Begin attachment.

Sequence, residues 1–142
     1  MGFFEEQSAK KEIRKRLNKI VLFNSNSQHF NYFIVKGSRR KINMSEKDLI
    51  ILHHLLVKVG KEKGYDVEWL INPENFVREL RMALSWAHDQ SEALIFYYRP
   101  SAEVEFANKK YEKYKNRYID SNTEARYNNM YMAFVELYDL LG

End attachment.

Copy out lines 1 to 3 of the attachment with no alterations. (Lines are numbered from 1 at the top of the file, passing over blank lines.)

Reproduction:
Sequence, residues 1–142
     1  MGFFEEQSAK KEIRKRLNKI VLFNSNSQHF NYFIVKGSRR KINMSEKDLI
    51  ILHHLLVKVG KEKGYDVEWL INPENFVREL RMALSWAHDQ SEALIFYYRP